They are actually a specialist broker.

I did ask to speak to 'someone senior', but was told (very abruptly) that no one was available.

I am very annoyed about this matter because I have used these brokers for a number of years and have been a good customer. Just paid up on time and never made a claim.

I have drafted a letter and will send it by Recorded Delivery tomorrow. Needless to say I won't be staying with them when the policy comes up for renewal at the end of May.

martint123    on 13 February 2005

Now that the insurance industry is regulated by the FSA (have you seen th enumber of new forms and 'key features') suggest to them that you may take up the issue with the FSA ombudsman.
ISTR that one of the new rules is that they must have a proper complaints procedure.

Pugugly {P}    on 13 February 2005

I would phone again and ask for someone senior, make an appointment if necessary. Sounds like a clerking error to me. We used to do insurance brokering in the 80s. 99% of stuff could be left to our capable staff, they were reluctant to refer the 1% updwards as it seemed to be an admission of faliure...

nick    on 13 February 2005

Although it doesn't help you with this problem, I can recommend Footman James (hope it's not them!). I've had no problems adding and removing vehicles from my unlimited mileage policy. The extra premium of a vehicle over 20 yrs old and worth a few thousand is under £20 for me. I've currently 2 Morris Minors, unlimited mileage, breakdown cover, agreed value, premium under £90. It cost only £15 to add a Rover 3500S.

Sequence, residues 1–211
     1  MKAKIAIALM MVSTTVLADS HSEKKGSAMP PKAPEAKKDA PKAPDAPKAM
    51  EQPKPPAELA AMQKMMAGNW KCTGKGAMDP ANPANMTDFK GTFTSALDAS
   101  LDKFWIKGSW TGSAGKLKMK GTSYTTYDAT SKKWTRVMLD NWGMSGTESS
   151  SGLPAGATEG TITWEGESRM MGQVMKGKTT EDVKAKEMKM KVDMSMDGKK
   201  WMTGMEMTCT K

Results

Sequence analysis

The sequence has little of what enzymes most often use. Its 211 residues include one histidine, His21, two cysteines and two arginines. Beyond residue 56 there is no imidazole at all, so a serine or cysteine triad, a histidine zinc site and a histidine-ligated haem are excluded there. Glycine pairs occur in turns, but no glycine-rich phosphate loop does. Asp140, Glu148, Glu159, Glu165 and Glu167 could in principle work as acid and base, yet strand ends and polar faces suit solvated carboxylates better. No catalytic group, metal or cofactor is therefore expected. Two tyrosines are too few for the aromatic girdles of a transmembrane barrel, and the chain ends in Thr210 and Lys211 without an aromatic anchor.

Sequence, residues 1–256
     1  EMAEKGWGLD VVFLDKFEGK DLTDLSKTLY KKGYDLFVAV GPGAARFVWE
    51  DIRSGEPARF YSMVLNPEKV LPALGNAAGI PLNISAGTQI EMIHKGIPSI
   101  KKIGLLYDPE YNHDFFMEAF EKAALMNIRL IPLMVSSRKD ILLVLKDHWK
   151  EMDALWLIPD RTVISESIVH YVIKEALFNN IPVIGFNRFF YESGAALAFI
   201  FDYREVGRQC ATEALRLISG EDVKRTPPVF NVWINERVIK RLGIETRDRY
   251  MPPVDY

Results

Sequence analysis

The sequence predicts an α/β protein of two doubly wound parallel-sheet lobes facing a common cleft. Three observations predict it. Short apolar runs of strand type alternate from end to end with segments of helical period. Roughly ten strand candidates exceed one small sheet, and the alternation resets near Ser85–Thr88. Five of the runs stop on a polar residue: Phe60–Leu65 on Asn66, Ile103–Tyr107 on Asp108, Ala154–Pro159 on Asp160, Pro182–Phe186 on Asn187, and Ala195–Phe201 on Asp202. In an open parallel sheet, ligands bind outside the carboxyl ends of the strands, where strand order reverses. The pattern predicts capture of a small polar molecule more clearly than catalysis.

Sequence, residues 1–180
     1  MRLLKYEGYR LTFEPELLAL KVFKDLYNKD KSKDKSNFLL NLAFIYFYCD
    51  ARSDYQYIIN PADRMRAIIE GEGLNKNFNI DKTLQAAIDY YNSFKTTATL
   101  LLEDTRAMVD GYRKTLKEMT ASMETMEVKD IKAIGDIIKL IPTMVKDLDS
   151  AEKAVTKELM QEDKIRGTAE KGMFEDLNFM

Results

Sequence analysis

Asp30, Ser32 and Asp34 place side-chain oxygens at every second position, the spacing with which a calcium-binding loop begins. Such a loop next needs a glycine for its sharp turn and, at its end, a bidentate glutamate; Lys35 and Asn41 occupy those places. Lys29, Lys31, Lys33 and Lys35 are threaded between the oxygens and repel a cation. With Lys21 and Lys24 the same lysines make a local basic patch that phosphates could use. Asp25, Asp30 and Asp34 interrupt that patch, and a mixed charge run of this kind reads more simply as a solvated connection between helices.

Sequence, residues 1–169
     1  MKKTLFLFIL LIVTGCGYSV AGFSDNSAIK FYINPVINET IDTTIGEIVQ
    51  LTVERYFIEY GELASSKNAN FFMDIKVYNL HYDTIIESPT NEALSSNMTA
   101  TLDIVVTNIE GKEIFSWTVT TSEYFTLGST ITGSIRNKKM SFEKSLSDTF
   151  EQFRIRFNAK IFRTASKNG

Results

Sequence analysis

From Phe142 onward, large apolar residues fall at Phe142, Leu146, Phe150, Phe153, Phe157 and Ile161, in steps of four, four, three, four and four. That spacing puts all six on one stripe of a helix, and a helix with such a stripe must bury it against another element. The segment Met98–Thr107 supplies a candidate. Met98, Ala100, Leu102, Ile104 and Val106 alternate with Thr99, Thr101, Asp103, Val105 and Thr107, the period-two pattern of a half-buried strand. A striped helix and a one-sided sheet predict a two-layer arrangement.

The rules may be different for more valuable cars, which I assume the Mercedes is.
I claimed once a few years ago, wife driving, not her fault, and the claims process was smooth and problem-free. Even got the excess back through the uninsured loss cover.

Ex-Moderator    on 13 February 2005

It seems like you've had most of it answered, but on the off-chance...

Find out the price for your new & old cars for 1 year. The additional premium will be calculated as;

current premium for new car - current premium for old car = difference

pro rata difference for amount of year remaining

plus brokers admin charge.


You should then be able to work out what he's charging you for.

It is a fact that most insurers will not accept an additional vehicle and insist on a new 12 month policy for one of the vehicles. These days many of them will not even accept a substantial overlap.

You may find that you have been charged a SOV charge but been thumped on the admin charge as opposed to an additional vehicle charge.

Who is the insurance company (not the broker) ?

And change your broker to a decent one forthwith, tell him you're doing so and why.

Also it is your right to tell your insurance company that you are transferring all your existing policies to a new agent if you prefer not to wait for renewal or prefer not to cancel/replace your existing policies.

>>Apparently this broker does not .........'tough luck' attitude....... No wonder insurers have such a bad image!

Brokers and insurers are different people/companies.

Finally, imagine if you had found this out after you had wrapped the uninsured vehicle around a bus queue. Everything in writing, always.